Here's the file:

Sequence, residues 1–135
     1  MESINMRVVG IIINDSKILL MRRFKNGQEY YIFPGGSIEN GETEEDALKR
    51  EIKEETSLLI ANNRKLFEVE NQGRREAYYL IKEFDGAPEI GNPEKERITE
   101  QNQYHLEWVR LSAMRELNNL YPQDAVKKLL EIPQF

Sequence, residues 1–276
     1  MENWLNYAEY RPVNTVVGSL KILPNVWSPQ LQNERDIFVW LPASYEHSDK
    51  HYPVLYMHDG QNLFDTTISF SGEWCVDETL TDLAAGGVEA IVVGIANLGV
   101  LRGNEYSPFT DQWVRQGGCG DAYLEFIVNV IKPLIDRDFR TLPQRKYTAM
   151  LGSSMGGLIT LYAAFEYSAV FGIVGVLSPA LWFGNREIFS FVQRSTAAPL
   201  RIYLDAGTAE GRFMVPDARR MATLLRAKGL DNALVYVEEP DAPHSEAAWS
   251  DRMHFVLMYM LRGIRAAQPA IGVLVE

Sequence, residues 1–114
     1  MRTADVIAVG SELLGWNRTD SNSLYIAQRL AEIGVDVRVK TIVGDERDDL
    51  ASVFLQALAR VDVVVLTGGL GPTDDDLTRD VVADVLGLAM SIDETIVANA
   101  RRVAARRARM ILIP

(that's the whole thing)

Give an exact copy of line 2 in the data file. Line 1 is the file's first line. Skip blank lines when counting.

     1  MESINMRVVG IIINDSKILL MRRFKNGQEY YIFPGGSIEN GETEEDALKR